The post discusses most commonly occurring NFS issues in Linux and how to resolve them.
1. Error: “Server Not Responding”
The Network File System (NFS) client and server communicate using Remote Procedure Call (RPC) messages over the network. Both the host->client and client->host communication paths must be functional. Use common tools such as ping, traceroute or tracepath to verify that the client and server machines can reach each other. If not, examine the network interface card (NIC) settings using either ifconfig or ethtool to verify the IP settings.
The NFS file system also reports “server not responding” when a heavy server or network loads cause the RPC message responses to time out. Use the “timeo=N” mount option on the client to increase the timeout. Check “man mount” for more information.
2. Error: “No route to host”
The “no route to host” error can be reported when the client attempts to mount an NFS file system, even if the client can successfully ping the server:
# mount NFS-Server:/data /data_remote mount: mount to NFS server 'NFS-Server' failed: System Error: No route to host.
This can be caused by the RPC messages being filtered by either the host firewall, the client firewall, or a network switch. Verify if a firewall is active and if NFS traffic is allowed. Normally nfs is using port 2049. As a quick test one can switch the firewall off by:
# service iptables stop
on both the client and the server. Try mounting the NFS directory again. Do not forget to switch it back on and configure it correctly to allow NFS traffic/
3. Error: “mount clntudp_create: RPC: Port mapper failure – RPC: Unable to receive”
The Linux NFS implementation requires that both the NFS service and the portmapper (RPC) service be running on both the client and the server. Check it like this:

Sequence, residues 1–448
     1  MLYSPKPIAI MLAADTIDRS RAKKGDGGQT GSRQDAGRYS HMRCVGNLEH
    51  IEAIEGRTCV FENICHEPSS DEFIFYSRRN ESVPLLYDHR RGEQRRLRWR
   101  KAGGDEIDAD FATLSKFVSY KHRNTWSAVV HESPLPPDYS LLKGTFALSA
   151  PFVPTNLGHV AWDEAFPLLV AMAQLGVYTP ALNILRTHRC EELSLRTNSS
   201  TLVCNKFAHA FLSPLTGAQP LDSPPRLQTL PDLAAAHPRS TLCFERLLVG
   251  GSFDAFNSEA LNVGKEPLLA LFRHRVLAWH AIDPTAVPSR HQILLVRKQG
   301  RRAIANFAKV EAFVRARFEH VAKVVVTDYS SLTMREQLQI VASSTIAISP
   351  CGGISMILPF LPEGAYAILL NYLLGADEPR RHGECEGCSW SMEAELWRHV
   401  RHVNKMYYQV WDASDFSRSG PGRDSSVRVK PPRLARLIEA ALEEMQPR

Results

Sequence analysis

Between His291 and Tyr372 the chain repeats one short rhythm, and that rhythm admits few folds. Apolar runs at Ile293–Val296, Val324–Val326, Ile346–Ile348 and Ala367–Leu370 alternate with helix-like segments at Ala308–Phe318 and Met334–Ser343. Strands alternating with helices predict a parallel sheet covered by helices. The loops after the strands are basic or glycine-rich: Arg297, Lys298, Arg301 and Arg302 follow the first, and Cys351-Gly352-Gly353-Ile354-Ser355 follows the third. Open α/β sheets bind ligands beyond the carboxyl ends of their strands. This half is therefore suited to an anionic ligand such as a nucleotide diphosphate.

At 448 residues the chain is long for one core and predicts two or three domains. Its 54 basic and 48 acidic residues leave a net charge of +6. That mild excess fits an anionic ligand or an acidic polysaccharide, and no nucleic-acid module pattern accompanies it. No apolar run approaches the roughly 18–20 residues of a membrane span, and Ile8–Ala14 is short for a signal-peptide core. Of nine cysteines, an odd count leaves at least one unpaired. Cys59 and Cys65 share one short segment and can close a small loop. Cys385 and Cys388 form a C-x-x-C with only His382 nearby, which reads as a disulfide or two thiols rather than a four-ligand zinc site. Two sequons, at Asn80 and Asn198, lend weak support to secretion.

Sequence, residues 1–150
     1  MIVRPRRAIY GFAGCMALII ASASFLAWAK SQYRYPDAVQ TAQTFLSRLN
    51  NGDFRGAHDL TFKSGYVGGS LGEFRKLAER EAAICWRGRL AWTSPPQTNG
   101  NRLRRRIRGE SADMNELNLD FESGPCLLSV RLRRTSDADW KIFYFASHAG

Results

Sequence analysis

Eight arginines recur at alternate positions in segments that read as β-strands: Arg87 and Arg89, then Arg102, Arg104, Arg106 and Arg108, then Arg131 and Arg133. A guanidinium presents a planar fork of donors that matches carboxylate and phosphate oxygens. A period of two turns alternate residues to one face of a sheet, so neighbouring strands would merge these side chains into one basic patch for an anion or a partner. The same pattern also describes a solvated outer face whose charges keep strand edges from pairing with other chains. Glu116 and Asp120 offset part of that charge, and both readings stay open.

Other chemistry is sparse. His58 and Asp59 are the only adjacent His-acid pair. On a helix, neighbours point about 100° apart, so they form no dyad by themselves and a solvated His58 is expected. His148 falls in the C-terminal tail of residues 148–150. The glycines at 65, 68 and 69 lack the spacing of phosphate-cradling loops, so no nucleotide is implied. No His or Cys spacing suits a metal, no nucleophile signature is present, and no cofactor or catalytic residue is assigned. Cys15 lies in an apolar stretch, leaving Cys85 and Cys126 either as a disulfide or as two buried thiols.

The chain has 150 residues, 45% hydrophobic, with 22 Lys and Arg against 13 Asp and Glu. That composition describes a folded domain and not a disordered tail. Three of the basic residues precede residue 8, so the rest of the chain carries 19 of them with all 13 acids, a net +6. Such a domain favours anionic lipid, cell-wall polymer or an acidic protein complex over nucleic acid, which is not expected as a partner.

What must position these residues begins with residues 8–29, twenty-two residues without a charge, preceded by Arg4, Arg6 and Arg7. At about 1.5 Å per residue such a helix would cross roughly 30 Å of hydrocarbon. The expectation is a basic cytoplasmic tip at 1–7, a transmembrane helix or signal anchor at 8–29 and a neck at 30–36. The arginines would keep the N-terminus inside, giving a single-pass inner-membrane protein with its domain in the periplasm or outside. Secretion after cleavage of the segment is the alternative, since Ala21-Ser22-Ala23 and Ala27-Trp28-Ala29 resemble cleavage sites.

# rpcinfo -p program vers proto port 100000 2 tcp 111 portmapper [portmap service is started.] 100000 2 udp 111 portmapper 100011 1 udp 881 rquotad 100011 2 udp 881 rquotad ...
# service portmap status portmap (pid 7428) is running... [portmap service is started.]
If not, start it with the commands give below.
# chkconfig portmap on # service portmap start
4. Error: “NFS Stale File Handle”
A program uses the open(2) system call to access an NFS file in the same way the application opens a local file. This system call returns a file descriptor, or “handle”, that the program subsequently uses in I/O commands to identify the file to be manipulated.
Unlike traditional Linux file systems that allow an application to access an open file even if the file has been deleted using unlink or rm, NFS does not support this feature. An NFS file is deleted immediately. Any program which attempts to do further I/O on the deleted file will receive the “NFS Stale File Handle” error. For example, if your current working directory is an NFS directory and is deleted, you will see this error at the next shell prompt.
To refresh the client’s state with that of the server you may forcely unmount the mount point:
# umount -f /mnt/mount_point
or kill the process, which references the mounted file system:
# fuser -k [mounted-filesystem]
5. Error: “Access Denied” or “Permission Denied”
Check the export permissions for the NFS file system. You can do this from the client:
# showmount -e server_name
or from server:
# exportfs -a
If you see unexpected export permissions, check the /etc/exports file on the server. Make sure there is no syntax error such as space between the permitted host and the permissions. There is a significant difference in the line:
and the line:
/home * (ro)
because the second exports /home read-write to all systems: not what was intended. Note that the line still has correct syntax, so NFS will not complain about it.
6. Error: “rpc mount export: RPC: Timed out”
Unable to access file system at [NFS SERVER]: rpc mount export: RPC: Timed out
This is caused by DNS name resolution issue. NFS(RPC) needs reverse name resolution. If NFS server or client cannot resolve their name, this error occurs. In case gets the error message, check DNS configuration and /etc/hosts configuration.